By Karam Bales
I imagine Downing Street this week is like a scene from a disaster film. Red lights flashing across the government dashboard, sirens blaring in the distance, our nation’s leaders stand frozen with indecision as they try to work out which course of action will play best in opinion polls while their own scientific advisors pleading for action go unnoticed in the corner. We are past the spring peak, hospitalisations have hit new heights and the curve is still climbing as a new strain of Covid rips through communities.
The government had clung to evidence collected early in the pandemic when the majority of the world’s schools were in lockdown and our own attendance was around 5% to justify having one of the laxest approaches in the world in regard to safety measures in schools. They claimed students are unlikely to be infected, they don’t transmit the virus, and that our schools can be Covid-secure with no social distancing, no masks inside the classroom and poor ventilation. The Department for Education (DfE) guidance still doesn’t properly address the fact aerosol transmission is the main cause of infection.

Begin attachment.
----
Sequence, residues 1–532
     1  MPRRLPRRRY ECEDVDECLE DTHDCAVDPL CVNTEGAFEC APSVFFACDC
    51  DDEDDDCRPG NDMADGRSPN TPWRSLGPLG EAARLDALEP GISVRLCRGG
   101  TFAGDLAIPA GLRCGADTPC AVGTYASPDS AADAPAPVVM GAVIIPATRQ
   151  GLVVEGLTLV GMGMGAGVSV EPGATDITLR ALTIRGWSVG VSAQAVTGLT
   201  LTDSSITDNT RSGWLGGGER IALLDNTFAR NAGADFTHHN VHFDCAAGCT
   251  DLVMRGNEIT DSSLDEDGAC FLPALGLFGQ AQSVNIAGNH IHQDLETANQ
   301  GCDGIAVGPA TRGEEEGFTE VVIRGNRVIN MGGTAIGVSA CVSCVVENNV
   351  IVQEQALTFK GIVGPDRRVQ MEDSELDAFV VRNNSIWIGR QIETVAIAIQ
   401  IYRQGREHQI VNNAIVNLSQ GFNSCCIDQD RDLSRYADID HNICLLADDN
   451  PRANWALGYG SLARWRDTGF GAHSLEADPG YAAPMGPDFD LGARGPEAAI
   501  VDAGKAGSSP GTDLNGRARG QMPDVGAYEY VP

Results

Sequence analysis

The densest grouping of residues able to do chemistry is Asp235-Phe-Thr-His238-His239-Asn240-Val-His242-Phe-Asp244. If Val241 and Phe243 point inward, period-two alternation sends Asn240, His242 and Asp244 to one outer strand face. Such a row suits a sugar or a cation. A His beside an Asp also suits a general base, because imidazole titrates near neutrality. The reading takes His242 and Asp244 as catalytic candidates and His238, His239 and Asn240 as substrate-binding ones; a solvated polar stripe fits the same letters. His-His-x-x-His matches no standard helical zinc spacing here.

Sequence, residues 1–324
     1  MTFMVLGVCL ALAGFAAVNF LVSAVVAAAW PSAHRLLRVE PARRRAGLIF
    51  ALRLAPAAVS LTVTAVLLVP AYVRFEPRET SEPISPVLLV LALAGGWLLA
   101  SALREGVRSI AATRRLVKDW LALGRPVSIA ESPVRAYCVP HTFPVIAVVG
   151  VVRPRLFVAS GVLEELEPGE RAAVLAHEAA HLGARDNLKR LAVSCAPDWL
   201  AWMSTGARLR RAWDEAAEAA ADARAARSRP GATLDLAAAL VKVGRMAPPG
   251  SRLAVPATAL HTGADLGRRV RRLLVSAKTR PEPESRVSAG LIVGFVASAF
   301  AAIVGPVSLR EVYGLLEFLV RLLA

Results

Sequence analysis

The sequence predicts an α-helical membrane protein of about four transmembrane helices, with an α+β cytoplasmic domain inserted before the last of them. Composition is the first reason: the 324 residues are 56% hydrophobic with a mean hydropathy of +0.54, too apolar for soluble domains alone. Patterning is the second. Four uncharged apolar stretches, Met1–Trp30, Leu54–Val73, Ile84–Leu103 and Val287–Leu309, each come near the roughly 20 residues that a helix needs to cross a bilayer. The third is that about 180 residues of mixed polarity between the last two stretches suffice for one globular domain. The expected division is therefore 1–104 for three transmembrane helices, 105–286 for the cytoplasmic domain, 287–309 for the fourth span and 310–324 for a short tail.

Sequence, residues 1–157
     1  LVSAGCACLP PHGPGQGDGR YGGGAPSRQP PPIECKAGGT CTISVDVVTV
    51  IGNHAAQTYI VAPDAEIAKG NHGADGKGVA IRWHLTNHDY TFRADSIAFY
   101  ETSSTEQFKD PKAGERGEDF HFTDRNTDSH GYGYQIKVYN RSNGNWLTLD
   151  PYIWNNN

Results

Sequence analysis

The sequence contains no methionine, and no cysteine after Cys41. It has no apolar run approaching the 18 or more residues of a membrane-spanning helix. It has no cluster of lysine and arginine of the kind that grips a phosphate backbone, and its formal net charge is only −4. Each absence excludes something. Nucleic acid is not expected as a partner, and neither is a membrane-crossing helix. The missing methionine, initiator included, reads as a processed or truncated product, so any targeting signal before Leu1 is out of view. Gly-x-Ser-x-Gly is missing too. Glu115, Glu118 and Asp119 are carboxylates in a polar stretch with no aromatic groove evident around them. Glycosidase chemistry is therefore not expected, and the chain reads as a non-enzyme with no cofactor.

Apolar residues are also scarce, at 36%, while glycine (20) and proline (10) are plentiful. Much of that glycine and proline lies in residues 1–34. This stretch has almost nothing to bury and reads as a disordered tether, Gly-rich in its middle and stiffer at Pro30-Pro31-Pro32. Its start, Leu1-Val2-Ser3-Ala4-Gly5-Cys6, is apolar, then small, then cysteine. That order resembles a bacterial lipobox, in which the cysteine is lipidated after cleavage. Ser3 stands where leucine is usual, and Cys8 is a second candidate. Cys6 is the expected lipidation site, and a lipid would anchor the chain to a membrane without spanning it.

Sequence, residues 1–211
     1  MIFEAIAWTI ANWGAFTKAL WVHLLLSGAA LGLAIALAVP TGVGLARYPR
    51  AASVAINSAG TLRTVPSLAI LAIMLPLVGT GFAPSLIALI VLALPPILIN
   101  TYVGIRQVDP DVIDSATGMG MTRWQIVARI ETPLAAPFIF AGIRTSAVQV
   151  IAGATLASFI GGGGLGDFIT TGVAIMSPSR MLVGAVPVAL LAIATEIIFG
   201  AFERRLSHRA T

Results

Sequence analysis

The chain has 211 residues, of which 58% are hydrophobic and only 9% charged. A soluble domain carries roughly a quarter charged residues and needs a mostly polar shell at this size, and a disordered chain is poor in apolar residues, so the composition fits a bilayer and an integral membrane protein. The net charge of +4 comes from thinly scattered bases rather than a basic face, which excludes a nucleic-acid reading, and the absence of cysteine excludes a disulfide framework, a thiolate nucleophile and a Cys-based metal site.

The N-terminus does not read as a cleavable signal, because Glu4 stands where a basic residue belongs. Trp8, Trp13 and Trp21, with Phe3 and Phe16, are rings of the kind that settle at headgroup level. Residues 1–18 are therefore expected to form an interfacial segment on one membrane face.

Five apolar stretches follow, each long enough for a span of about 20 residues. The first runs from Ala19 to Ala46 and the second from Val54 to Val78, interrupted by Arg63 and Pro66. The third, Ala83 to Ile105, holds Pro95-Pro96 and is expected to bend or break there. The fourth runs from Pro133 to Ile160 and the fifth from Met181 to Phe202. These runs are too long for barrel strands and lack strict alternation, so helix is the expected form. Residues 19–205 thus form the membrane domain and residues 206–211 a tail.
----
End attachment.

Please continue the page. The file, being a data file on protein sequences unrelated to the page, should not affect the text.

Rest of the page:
Over the summer, high quality studies with larger data sets than the earlier studies were published by respected academics and organisations from around the world. Of particular note are the South Korean genomic contact tracing, Princeton’s India study, and several studies of the disastrous school reopening in Israel that led to their second wave being considerably higher than the first which had been impressively controlled.
SAGE said schools should be included in a two week circuit breaker. This was ignored and cases grew exponentially. SAGE said schools should be included in the November lockdown and this too was ignored. During the November lockdown, while infections in all other age groups fell by 30%, infections in school aged students rose by 17%. Sceptics cited the fact that infections had started to fall before lockdown as a sign that lockdowns don’t work, but epidemiology modellers I’ve worked with explain this fall before lockdown corresponded with half-term, once incubation lag was taken into account.